Effects of exercise type, volume and intensity on depression in an active population
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This study examined the impact of exercise type (e.g., endurance or strength training), volume and intensity on levels of depression symptomology in order to determine which of these moderators improves outcome the most. Duke Physical Education (PE) students were surveyed at the beginning of a school semester, three times during the semester, and at the end of the semester to examine changes in depression symptoms over time based on physical activity volume, type of exercise engaged in and perceived intensity of PE workouts. In the non-clinical sample of previously active college students, exercise had no impact on level of depression symptomology, regardless of type, volume or intensity. However, pretest depression level significantly predicted change in depression, indicating high levels of depression may be necessary to show substantial improvement. Additionally, mood was improved immediately after each PE class. For healthy college students, PE classes may provide short-term mood benefits but are not useful as a long-term solution for distress or symptoms of depression. Future studies should examine moderators of exercise in a previously active, clinically depressed population.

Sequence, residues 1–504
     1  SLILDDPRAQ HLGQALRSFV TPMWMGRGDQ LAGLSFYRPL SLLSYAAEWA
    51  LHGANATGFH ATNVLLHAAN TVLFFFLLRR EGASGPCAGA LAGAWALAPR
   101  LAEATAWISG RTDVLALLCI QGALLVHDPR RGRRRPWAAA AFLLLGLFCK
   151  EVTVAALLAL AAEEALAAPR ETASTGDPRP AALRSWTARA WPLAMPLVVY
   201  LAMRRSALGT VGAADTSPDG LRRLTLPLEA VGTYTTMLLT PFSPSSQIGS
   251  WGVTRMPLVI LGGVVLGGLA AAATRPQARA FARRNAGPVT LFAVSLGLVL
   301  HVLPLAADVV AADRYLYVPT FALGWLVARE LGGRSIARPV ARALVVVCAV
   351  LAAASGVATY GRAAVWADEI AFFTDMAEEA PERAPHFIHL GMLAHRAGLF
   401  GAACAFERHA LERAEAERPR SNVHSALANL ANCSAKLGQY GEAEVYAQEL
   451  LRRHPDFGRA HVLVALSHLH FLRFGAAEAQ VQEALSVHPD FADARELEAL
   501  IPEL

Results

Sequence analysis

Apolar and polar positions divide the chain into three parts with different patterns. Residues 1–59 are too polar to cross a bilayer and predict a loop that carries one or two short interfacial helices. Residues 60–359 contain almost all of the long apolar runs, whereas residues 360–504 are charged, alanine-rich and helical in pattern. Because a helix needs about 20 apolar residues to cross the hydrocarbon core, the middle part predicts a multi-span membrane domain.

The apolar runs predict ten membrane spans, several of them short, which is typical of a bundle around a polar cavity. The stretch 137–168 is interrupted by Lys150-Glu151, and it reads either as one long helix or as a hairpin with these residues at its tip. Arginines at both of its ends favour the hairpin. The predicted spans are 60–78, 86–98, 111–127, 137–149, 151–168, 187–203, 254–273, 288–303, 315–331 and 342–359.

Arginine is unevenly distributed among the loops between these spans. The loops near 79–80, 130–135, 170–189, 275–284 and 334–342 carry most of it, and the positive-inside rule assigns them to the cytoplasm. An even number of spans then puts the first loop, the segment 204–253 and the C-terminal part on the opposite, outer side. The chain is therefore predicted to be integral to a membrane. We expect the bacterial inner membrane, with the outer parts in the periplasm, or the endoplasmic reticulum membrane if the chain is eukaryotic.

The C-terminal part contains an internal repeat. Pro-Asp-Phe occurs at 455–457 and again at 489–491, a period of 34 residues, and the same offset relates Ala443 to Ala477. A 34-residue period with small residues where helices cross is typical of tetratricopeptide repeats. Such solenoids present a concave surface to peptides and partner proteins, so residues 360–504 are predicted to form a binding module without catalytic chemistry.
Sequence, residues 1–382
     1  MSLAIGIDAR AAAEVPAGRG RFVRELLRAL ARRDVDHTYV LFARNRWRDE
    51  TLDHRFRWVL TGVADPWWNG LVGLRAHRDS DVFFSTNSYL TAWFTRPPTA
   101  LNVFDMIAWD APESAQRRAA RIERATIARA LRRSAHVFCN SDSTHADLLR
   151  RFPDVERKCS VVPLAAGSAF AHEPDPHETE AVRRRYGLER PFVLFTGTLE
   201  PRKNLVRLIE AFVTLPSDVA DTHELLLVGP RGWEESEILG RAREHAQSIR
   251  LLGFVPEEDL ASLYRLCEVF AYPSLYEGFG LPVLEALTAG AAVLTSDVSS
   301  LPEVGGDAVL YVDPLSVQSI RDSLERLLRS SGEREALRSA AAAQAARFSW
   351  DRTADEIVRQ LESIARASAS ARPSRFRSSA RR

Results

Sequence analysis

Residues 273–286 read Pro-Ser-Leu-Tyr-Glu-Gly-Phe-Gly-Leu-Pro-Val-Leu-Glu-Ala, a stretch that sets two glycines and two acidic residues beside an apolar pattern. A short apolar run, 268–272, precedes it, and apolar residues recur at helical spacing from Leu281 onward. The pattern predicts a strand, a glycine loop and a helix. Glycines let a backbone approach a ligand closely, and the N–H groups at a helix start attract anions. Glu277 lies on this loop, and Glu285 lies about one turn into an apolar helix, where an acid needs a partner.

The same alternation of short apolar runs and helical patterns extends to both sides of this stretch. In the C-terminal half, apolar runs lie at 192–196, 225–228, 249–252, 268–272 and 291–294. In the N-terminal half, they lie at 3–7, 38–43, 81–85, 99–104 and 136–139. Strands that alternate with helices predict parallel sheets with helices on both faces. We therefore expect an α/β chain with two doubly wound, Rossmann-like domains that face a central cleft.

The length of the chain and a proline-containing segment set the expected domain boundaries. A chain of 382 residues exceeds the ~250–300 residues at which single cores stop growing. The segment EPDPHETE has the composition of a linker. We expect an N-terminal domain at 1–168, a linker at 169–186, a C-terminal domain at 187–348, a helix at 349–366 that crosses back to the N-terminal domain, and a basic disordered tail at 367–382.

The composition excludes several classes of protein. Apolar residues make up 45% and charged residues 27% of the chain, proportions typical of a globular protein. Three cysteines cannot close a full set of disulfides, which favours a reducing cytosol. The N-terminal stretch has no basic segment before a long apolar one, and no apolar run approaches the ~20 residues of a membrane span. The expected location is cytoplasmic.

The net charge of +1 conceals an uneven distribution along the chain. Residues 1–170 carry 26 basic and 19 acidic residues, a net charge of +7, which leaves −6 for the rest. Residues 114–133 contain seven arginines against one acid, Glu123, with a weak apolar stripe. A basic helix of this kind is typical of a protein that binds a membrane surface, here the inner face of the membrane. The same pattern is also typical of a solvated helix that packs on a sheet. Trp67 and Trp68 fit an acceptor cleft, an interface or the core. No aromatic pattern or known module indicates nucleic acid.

DepartmentPsychology and Neuroscience
CitationHeath, Madison (2018). Effects of exercise type, volume and intensity on depression in an active population. Honors thesis, Duke University. Retrieved from https://hdl.handle.net/10161/16711.
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Rights for Collection: Undergraduate Honors Theses and Student papers